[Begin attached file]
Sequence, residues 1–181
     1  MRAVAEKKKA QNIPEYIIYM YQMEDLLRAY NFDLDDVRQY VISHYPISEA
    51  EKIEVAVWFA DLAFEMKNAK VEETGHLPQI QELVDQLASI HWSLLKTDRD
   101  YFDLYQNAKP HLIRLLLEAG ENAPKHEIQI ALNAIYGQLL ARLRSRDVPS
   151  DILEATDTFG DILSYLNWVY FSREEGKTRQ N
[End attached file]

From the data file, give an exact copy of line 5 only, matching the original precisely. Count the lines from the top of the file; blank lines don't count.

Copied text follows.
   151  DILEATDTFG DILSYLNWVY FSREEGKTRQ N